By: Allan Hirt on April 16, 2019 in Business Continuity, Disaster Recovery, High Availability, Notre Dame | No Comments
Yesterday, a fire broke out at Notre Dame in Paris which caused major damage to the well-known landmark and religious icon. While it is certainly a tragedy, it could have been much worse. Why? There was a protocol for dealing with it. Let me explain and give a little background.
In the world of IT, we talk about the concepts of high availablity (HA) and disaster recovery (DR). Both may use similar techniques, but are very different exercises. High availablity is about surviving a smaller, more local failure with minimal to no downtime and impact. Disaster recovery is what you do when a catastrophic even occurs. Both of these fall under the auspices of business continuity. Business continuity relies on people, process, and technology, but should never be driven by a specific feature. It should be requirements-based. Without people, processes do not work – especially in the case of DR where human intervention is usually required. These concepts are universal and when they are implemented properly, work well.
In Paris, all of that all came together, According to the Twitter thread I linked above, there has been a protocol (read: process) in place since the French Revolution if fire broke out at Notre Dame: save the people first, then save the art, altar, and furniture after, finally landing on saving the structure. People cannot be replaced. Original objects cannot, and to a degree, buildings cannot even though they can be rebuilt. That protocol is about survival. Just this morning, the Guardian published an article on how the structure was being assessed for stability. Clearly the building needs to be safe for people to not only rebuild, but to ultimately use it when it is ready. The article also mentions that objects such as the Crown of Throrns have been secured and others which incurred smoke damage are being looked at by the Louvre. A massive undertaking is underway – and the work has barely even begun!
Now think about where you work and what goes on every day – solutions and their underlying applications, systems, and data power your business. Without them, things would most likely come to a grinding halt, and in a worst case scenario, make the business close their doors if they were down for a significant period of time. We live in a data-driven world. Without data, there literally is nothing. Could you process payroll without the HRIS data needed? How about processing a payment from a customer? What would happen if a record of all of your sales for the last month disappeared? I’ve seen all these scenarios (and more!) fail at companies over the years. In our data-driven world, less data is a bad thing to most companies. Data loss may happen in extreme scenarios, but the goal is to minimize or eliminate. Losing a month’s worth of data can be dealt with but you need to understand not only the technical side of the house to not lose that data, but also the non-technical aspects to devise the right solution.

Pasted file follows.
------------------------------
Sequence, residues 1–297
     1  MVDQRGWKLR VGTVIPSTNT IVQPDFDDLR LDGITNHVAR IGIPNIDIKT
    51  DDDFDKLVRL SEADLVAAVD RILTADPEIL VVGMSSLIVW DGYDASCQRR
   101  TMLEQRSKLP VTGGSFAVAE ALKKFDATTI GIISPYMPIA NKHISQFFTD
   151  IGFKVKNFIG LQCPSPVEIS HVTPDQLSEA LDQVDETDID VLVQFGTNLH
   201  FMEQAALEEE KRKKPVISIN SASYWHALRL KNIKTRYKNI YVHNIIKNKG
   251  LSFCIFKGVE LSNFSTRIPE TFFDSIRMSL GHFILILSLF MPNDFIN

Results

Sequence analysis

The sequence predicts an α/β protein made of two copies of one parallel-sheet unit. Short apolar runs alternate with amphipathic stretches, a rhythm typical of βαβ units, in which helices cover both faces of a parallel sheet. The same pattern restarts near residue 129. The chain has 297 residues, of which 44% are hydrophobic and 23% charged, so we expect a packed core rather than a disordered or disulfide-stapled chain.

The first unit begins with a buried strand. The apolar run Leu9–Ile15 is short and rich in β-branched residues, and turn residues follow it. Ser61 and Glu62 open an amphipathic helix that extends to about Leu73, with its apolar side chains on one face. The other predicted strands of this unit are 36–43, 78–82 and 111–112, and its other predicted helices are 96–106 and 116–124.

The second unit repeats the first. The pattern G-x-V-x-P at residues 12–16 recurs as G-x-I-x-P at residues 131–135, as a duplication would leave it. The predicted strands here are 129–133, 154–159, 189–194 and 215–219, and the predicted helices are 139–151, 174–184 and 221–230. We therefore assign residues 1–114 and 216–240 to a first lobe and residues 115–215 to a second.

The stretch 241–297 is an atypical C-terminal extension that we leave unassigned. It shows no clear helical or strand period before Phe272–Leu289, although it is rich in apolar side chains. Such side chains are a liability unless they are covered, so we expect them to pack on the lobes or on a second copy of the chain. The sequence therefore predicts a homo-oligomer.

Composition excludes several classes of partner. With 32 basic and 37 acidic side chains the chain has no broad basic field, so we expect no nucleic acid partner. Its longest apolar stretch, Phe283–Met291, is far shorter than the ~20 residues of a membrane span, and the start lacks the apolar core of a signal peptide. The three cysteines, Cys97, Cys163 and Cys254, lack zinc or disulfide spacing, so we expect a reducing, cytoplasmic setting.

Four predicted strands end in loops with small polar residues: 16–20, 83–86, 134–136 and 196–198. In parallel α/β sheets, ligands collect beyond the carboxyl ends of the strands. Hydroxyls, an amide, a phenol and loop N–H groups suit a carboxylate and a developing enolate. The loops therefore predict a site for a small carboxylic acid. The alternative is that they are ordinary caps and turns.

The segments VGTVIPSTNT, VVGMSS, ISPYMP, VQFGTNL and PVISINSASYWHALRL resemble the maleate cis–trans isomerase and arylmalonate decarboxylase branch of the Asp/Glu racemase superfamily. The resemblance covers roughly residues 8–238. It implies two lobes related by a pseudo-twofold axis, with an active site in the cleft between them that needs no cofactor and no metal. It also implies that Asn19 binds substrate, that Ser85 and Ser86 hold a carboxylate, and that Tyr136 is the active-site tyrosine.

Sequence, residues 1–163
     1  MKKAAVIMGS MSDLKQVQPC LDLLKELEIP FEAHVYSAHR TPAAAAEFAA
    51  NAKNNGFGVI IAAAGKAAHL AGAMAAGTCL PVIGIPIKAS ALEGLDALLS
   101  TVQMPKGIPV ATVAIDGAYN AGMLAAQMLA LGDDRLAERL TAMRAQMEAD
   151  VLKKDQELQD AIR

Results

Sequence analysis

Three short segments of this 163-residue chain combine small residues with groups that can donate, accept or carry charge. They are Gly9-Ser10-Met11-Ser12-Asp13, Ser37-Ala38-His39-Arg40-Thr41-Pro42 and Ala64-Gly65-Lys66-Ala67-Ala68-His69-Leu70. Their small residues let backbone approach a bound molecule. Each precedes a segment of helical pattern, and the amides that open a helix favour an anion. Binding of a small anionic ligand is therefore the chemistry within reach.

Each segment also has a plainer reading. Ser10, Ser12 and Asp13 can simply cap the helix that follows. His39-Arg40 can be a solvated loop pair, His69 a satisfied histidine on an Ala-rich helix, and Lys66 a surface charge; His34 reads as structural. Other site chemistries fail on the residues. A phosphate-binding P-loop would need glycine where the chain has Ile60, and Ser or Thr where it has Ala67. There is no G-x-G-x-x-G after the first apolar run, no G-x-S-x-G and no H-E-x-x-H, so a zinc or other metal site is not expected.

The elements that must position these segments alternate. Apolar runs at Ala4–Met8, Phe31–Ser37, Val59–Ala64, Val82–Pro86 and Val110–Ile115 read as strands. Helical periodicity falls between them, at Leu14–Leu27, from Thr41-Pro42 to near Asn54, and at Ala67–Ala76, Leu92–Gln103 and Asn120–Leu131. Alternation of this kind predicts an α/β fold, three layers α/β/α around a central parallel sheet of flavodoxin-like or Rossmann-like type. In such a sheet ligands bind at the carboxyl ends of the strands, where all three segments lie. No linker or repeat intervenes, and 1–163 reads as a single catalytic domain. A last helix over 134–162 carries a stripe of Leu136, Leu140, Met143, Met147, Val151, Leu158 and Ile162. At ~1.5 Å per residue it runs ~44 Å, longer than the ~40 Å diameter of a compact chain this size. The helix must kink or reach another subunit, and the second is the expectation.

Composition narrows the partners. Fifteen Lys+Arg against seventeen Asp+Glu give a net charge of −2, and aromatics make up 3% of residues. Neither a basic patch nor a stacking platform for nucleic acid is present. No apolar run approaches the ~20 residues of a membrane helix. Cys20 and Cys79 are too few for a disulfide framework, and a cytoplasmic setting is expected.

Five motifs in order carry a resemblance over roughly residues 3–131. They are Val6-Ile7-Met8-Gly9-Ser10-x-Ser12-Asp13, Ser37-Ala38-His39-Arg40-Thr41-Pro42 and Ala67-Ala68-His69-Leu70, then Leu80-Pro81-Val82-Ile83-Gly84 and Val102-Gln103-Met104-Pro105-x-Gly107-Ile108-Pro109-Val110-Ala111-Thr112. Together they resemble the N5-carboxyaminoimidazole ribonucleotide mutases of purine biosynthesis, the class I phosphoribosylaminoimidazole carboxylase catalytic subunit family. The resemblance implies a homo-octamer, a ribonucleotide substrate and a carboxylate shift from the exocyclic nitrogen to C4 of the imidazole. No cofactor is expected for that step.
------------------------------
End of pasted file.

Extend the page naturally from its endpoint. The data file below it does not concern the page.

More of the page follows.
I am not forgetting about people. By all means, the human aspect is important here. Make sure people are safe and sound before thinking about recovering systems. Systems also need care and feeding. They’re not going to be putting precious objects back into Notre Dame until it’s structurally sound and rebuilt, why would you bring SQL Server up if you do not have, for example, no storage or networking?
Things can change in an instant. You need to be prepared. Paris was. Whether it is an old iconic world known building and its objects, or your own systems and data, you need to account for business continuity to pick up the pieces after the proverbial dust settles. If Paris can get it right with Notre Dame, you can do it in your own environments. Contact SQLHA today to help ensure the survival of your business in the event of downtime events big or small.
By: Allan Hirt on April 1, 2019 in SQLHAU, Training | No Comments
Can you believe it is April already? I know today will be full of people trying to be witty and pull one over your eyes. This is not that at all. Later this month on April 22 and 23, I’ll be delivering SQLHAU’s SQL Server Availability Solutions in a Cloudy, Virtual World for the first time as an online, live class. It’s not only instuctional content but also features our famous labs.
Through Friday, April 12, there is a 20% discount available so you can grab one of the remaining seats. If you are looking to quickly get up to speed on modern SQL Server availability solutions, this is a class you can’t miss. Use the code APRILFOOLS at checkout.
By: Allan Hirt on March 25, 2019 in Availability Groups, Transact-SQL | No Comments
I teased this blog post a little while back at SQLBits, but I’m finally getting a chance to finish this blog post. No stale, scheduled content here – it’s always hot off the presses.
Anyway, at Bits I did a few sessions, one of which was on AG and FCI troubleshooting (I’m also doing one tomorrow night at Boston SQL). As I was putting the talk together, one of the things I came up with was around endpoints for AGs. How an endpoint is fully configured is not exposed in SSMS, but you can query SQL Server’s dynamic management views (DMVs) which is easy enough if you know what you are looking for.
I did some of the initial documentatio for Microsoft a few years ago for distributed availability groups. Since its publication, Microsoft has opened it up and anyone can suggest edits/comments via GitHub. So far so good – all of this plays into the bigger story.